We commonly think of sleep as a time where the brain and body shut down and does not receive or process information from the external environment. But the brain is actually more active during sleep than we think. Throughout the duration of sleep, we move through several sleep cycles which include different stages and in some of these stages, the brain is more active and is able to hear and process sound – even though you may not remember the following day!
To better understand how we can hear while sleeping, it is useful to know more about the process of sleeping. Sleep is not just one state of rest but is a multifaceted process that involves sleep cycles. One sleep cycle consists of four stages that people cycle through during their sleep. People typically experience 4-6 sleep cycles during one night of sleep that are comprised of the following stages:
Cycling through these sleep stages allows the body to rest and rejuvenate which helps restore all the body’s systems. This is critical for cognitive, mental, and physical health. Understanding these stages also illuminates how we are able to hear while sleeping.
In a 2019 study, published in the Human Nature Behavior Journal, researchers investigated the capacity to hear during sleep. They did this by reproducing the “cocktail party problem” which describes hearing multiple sounds at the same time but choosing which sound to focus on. We do this all of the time – having a conversation in a restaurant, talking to multiple people at a social event etc. To do this, researchers exposed participants to sounds while sleeping by playing two types of sounds – one in each ear – while people slept.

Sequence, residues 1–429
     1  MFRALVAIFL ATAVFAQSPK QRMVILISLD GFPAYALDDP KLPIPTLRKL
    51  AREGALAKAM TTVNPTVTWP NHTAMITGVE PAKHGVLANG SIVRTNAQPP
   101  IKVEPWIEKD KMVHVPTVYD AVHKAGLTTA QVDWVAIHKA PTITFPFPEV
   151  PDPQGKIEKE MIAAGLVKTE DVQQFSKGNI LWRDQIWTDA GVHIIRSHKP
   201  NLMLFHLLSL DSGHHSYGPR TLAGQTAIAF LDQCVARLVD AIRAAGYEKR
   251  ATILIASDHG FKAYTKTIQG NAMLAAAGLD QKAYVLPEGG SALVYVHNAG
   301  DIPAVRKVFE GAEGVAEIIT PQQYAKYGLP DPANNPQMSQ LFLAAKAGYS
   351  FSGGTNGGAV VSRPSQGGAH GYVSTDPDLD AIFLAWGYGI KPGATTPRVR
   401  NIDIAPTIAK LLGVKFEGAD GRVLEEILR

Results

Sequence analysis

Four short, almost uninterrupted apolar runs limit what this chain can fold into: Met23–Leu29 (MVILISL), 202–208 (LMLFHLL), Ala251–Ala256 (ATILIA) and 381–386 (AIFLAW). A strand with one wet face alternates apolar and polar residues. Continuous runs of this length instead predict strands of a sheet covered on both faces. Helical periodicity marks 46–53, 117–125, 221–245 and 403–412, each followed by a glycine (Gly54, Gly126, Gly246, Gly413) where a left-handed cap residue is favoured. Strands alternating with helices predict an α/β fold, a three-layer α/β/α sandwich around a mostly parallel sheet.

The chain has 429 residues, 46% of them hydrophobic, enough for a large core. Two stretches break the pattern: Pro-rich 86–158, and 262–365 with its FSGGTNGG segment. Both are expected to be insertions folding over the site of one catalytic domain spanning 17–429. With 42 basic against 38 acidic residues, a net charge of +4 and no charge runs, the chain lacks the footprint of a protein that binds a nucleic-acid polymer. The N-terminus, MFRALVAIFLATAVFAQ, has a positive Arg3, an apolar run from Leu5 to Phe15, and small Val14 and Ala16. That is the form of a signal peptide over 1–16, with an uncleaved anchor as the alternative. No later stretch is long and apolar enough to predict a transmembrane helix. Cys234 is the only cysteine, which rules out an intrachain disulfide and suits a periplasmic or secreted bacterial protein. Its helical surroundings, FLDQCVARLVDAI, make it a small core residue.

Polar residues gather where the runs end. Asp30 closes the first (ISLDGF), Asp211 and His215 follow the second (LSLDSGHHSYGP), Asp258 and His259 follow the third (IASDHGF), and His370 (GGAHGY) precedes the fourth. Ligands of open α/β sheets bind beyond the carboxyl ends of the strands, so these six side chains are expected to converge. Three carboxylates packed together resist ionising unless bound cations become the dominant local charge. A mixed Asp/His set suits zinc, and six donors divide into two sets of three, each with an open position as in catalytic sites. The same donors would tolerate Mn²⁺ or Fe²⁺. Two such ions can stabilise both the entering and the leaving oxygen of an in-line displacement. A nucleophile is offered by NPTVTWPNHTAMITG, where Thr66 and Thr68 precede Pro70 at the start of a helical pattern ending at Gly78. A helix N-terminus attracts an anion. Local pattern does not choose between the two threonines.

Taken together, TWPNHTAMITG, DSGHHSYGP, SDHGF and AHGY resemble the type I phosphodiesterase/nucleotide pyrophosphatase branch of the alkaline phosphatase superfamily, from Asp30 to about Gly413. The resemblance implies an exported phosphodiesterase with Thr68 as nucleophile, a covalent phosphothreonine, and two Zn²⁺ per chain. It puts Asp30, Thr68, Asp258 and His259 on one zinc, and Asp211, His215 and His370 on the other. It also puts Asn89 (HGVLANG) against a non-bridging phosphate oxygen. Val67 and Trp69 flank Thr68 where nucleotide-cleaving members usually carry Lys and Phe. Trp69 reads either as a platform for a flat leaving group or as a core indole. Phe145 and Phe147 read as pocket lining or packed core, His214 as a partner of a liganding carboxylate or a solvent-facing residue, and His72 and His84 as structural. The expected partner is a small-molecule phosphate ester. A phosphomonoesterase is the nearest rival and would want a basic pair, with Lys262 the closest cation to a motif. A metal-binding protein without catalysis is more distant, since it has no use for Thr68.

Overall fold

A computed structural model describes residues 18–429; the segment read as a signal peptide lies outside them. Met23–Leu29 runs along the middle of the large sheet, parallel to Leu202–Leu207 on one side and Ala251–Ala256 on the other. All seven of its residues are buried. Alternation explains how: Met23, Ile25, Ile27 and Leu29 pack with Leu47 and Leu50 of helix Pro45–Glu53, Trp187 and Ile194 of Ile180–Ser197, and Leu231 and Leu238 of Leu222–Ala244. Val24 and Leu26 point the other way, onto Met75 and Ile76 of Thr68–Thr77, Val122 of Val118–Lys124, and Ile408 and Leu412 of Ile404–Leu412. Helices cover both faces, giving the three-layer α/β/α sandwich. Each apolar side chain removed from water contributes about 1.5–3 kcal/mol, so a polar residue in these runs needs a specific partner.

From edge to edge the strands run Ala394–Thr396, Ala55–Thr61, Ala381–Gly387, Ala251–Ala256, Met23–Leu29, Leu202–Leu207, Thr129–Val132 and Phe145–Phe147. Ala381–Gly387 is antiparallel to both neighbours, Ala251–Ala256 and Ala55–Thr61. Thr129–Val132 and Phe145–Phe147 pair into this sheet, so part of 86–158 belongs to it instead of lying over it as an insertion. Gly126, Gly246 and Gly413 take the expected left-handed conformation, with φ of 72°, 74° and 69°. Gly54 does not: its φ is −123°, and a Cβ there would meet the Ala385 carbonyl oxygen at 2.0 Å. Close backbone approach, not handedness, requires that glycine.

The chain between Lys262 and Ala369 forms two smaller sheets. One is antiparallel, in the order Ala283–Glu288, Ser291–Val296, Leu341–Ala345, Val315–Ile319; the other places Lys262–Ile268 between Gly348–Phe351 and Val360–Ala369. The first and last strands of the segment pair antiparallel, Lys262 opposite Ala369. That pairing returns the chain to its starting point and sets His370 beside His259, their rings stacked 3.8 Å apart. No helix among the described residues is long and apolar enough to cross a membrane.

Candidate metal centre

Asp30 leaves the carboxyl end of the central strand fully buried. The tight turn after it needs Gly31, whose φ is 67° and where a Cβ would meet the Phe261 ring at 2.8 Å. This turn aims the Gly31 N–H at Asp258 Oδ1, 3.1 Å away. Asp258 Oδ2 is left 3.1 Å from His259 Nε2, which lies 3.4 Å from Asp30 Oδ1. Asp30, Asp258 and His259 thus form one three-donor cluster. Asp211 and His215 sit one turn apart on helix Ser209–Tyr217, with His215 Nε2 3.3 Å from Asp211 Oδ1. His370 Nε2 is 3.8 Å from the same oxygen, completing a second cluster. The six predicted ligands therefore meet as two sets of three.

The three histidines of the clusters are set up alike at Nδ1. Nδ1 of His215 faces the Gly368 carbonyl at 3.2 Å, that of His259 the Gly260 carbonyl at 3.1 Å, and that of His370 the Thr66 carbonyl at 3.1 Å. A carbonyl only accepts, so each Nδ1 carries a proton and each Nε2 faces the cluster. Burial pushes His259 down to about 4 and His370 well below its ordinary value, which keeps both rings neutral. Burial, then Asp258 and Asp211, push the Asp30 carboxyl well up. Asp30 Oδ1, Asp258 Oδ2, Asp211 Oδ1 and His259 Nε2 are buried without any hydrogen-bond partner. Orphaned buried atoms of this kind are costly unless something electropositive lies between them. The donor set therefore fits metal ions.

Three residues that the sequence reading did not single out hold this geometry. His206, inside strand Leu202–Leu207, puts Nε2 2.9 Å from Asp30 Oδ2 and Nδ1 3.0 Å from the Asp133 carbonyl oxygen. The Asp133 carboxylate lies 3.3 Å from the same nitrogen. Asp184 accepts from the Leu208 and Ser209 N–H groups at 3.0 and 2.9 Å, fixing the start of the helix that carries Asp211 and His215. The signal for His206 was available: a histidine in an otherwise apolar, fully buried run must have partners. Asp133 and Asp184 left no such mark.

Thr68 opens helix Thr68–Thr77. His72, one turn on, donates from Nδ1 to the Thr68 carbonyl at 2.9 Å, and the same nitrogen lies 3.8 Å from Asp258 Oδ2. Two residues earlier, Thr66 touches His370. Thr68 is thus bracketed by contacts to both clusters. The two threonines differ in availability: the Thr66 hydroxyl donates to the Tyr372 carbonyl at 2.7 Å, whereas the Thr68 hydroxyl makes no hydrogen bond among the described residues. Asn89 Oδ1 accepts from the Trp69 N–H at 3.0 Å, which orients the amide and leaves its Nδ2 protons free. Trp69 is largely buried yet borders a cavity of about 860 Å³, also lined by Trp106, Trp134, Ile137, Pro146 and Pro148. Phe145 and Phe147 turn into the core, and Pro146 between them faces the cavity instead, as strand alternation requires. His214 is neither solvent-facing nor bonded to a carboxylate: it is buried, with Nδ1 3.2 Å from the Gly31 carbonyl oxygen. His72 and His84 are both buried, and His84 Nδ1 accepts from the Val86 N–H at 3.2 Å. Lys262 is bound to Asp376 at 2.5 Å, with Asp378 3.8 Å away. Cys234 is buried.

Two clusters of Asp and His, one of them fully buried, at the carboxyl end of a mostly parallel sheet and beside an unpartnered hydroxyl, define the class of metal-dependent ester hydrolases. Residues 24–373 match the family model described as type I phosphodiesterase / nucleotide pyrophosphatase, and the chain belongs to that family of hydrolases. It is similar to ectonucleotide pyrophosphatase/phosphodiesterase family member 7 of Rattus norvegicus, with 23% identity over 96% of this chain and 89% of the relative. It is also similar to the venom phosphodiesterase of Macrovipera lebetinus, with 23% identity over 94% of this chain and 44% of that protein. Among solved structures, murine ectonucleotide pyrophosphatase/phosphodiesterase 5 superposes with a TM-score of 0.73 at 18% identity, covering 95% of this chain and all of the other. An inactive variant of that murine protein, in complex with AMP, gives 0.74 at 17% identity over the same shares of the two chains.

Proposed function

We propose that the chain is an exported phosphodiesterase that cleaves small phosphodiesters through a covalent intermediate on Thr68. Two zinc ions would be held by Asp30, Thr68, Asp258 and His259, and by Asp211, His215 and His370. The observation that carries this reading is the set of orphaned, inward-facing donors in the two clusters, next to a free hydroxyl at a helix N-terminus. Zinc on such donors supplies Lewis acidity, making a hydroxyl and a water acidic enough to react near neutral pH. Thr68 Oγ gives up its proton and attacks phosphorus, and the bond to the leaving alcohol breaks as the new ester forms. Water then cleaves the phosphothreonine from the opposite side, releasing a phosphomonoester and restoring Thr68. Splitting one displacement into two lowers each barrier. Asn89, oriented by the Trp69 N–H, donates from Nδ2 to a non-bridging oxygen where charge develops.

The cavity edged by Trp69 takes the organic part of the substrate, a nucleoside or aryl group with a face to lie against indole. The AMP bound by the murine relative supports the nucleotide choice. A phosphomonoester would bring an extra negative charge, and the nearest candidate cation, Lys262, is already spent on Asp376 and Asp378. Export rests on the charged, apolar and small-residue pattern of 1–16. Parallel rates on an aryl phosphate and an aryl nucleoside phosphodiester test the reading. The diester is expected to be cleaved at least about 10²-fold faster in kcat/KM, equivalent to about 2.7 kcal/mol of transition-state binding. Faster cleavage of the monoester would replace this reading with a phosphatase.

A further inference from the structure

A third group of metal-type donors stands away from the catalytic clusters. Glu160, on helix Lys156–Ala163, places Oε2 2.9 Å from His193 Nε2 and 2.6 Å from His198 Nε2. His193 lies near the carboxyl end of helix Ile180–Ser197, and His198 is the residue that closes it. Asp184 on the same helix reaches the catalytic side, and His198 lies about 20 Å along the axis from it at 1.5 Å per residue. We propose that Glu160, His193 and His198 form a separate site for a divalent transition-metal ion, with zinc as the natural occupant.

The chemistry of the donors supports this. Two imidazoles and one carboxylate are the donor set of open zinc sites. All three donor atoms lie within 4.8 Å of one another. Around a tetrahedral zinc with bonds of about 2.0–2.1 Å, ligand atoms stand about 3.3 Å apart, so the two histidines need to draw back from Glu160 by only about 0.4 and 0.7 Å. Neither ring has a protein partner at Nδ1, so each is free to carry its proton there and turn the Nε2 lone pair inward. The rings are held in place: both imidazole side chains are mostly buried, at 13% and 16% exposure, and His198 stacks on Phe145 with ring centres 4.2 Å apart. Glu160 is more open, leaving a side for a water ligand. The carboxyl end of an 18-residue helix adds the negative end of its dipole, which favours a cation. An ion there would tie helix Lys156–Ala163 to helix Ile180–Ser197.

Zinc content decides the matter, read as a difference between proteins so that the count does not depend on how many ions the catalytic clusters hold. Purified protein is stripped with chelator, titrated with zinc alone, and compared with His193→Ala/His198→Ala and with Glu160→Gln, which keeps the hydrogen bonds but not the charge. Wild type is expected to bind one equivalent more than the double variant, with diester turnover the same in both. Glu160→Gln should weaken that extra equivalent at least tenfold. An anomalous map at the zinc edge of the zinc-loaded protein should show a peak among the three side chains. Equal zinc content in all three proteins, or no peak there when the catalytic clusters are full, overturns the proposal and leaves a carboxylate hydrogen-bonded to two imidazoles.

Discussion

One voice communicated complete sentences and phrases while the other, communicated in a type of gibberish that was unclear. While people in the study were exposed to these sounds, researchers kept track of brain activity via EEG recordings (which monitors the brain). Researchers found that the brain was actually alert and paying attention to the speech that was being clearly communicated “as if the brain was turning its internal volume up for this particular speaker,” Thomas Andrillon, lead author of the study commented. The brain absorbed these cohesive sentences in a way that it did not with the incoherent sounds being played in the other ear.
This study is among the research that shows that the brain is more active during parts of the sleep cycle. It can absorb and respond to external sounds in the environment which means you can absolutely hear during sleep. This makes sense because the brain is more alert during particular sleep stages (like stage 4) where there is greater activity. Similar to having dreams though, you may not always remember (or even be aware) hearing particular sounds or speech during your sleep!